Any person with a pulse and even a modicum of cultural awareness knows there is a movement afoot to stifle free speech on college campuses. Controversies related to free speech have rocked the campuses of many universities, including Yale, Scripps, Oberlin, and Wesleyan. A number of colleges are authorizing “safe spaces,” “speech codes,” and “trigger warnings” as a way of helping their students avoid being exposed in the raw to views that offend them.

These same universities encourage their faculty members to be cautious about articulating views that might offend students. To articulate an offensive view without sufficient warning, they argue, is to commit a “microagression.” Fairness, they say, demands that the faculty member give a “trigger warning” ahead of time so that potentially-offended students can prepare for the “microagression.” Students, in return, are pressuring universities to withdraw speaking invitations that have been extended to speakers who espouse controversial points of view.

The University of Chicago Makes a Case for Free Speech

In response to trends curtailing free speech, the University of Chicago sent out a letter this summer to incoming members of the class of 2020, affirming its commitment to freedom of inquiry and expression. “Our commitment to academic freedom,” Dean of Students John Ellison wrote, “means that we do not support so-called trigger warnings, we do not cancel invited speakers because their topics might prove controversial, and we do not condone the creation of intellectual ‘safe spaces’ where individuals can retreat from ideas and perspectives at odds with their own.”

Ellison went on to affirm that “fostering the free exchange of ideas reinforces a related University priority—building a campus that welcomes people of all backgrounds. Diversity of opinion and background is a fundamental strength of our community. The members of our community must have the freedom to espouse and explore a wide range of ideas.”

We Have Strong Reasons to Promote Free Speech

Americans should commend the University of Chicago We should support free inquiry and expression on college campuses, just as we have in the past and just as we support them in politics and public life. More to the point, evangelicals should be vocal in our support of these freedoms, and for at least three reasons.

First, we prefer to live in a free—rather than authoritarian—society. As evangelicals, understand that the most important ideas in life should be expressed publicly, and assent to those ideas should be given freely rather than coerced. For us, the “gospel” (the good news that Jesus is Lord and Savior) is the biggest idea of all. It should be expressed publicly for consideration by others so that they may freely believe or reject it. But it is not only we who should have the liberty to offer our views; other people should be free to express their ideas, even if those ideas are diametrically opposed to ours.

Second, if we agree that our society should allow the free exchange of ideas, we should want our public universities to allow the same. Michael Bloomberg and Charles Koch are correct when they write, “We believe that this new dynamic…threatens not only the future of higher education, but also the very fabric of a free and democratic society. The purpose of a college education isn’t to reaffirm students’ beliefs, it is to challenge, expand and refine them….This helps young people discover their talents and prepare them for citizenship in a diverse, pluralistic democratic society. American society is not always a comfortable place to be; the college campus shouldn’t be, either.” Well put.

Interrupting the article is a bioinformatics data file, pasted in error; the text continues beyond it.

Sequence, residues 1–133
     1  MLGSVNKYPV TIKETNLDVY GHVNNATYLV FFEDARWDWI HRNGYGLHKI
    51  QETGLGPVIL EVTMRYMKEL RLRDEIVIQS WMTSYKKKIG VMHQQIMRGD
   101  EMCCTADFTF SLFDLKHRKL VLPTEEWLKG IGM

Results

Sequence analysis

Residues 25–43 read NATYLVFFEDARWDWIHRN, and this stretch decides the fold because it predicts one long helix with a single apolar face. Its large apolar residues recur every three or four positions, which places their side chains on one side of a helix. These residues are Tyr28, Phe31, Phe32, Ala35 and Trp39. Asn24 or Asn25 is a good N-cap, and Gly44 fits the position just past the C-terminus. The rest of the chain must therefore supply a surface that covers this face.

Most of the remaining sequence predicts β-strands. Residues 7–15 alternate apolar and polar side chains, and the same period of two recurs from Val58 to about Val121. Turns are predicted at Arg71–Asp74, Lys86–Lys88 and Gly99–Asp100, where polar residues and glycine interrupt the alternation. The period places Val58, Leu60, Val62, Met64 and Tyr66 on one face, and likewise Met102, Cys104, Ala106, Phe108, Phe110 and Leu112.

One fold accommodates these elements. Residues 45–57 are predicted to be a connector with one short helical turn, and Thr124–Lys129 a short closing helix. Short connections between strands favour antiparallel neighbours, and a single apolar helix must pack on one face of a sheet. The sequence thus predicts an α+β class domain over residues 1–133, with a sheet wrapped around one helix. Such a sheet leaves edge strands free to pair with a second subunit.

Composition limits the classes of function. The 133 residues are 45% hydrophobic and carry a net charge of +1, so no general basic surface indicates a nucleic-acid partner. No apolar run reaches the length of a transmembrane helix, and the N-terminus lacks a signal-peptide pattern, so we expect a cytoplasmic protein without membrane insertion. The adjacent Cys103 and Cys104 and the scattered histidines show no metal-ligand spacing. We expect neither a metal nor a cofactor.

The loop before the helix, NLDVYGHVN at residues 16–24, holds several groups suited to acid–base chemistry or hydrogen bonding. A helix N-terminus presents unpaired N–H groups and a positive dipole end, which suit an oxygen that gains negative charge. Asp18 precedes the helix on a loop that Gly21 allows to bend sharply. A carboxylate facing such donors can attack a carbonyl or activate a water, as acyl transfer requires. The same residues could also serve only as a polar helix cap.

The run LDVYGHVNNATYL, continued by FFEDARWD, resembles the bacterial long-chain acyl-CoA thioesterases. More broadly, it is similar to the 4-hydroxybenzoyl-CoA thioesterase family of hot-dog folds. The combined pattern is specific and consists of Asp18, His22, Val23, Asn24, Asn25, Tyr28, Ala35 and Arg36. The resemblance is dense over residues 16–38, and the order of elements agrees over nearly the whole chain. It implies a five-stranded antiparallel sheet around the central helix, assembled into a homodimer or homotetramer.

Third, we should not want people to hide who they really are. When free speech is prohibited or restricted, people tend to live behind a veil. They are afraid to ask honest questions or give honest answers. They become inaccessible in exactly those aspects of their being that are most important, most beautiful, most meaningful. As evangelicals, that is the last thing we want to happen. The less we know about who people are, the less we are able to love them, the less we are able to foster a helpful and enduring interface with the gospel.

We Must Convince Skeptical Millennials of the Value of Free Speech

As Edwin Chemerinsky and Howard Gillman expose in their recent research about college students and free speech, Millennials tend to support the censoring of offensive statements. They are the first generation to be thoroughly instructed about the badness of bullying, and they equate offensive speech as a form of bullying, especially when the speech is directed toward minorities.

Like Millennials, we have a distaste for hateful speech especially when it is directed toward those who are vulnerable. For that reason, we must join Millennials in concern about the psychological impact that hateful speech has on its victims. We must create teaching and learning environments that foster civility, respect, and brotherly love. And yet, we must not curtail offensive speech by shuttering civil liberties. To do so would invite even worse social ills, such as a society that is increasingly authoritarian, a university that doesn’t challenge its students, and a people who hide who they really are.

For these reasons and others, we should place a priority on making a new case for free speech. In so doing, we will be bolstering America’s foundations as a free society, burnishing the university’s credentials as a place that strengthens young people for the challenges of public life, and encouraging college students to ask honest questions and give honest answers rather than hiding behind a veil.



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